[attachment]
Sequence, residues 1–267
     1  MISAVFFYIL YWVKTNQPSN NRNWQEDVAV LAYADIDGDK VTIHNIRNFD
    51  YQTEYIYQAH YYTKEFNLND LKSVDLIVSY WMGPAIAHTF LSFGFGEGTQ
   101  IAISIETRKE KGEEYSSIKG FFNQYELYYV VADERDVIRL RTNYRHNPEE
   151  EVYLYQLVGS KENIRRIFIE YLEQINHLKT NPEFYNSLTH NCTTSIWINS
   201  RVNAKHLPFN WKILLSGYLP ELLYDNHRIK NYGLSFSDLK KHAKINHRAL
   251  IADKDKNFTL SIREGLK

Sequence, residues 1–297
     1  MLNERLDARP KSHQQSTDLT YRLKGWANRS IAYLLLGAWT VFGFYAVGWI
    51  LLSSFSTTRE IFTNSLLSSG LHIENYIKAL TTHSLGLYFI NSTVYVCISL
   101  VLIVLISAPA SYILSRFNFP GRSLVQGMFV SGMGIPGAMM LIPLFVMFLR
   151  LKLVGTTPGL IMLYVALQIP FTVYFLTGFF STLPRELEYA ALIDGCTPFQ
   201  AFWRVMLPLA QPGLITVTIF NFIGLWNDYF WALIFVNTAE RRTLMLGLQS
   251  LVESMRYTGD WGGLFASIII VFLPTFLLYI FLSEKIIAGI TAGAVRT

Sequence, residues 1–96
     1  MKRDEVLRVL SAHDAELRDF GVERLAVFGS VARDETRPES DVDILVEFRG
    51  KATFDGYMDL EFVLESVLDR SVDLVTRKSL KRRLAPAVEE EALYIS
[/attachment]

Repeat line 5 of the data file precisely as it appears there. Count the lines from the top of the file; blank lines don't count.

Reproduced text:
   151  EVYLYQLVGS KENIRRIFIE YLEQINHLKT NPEFYNSLTH NCTTSIWINS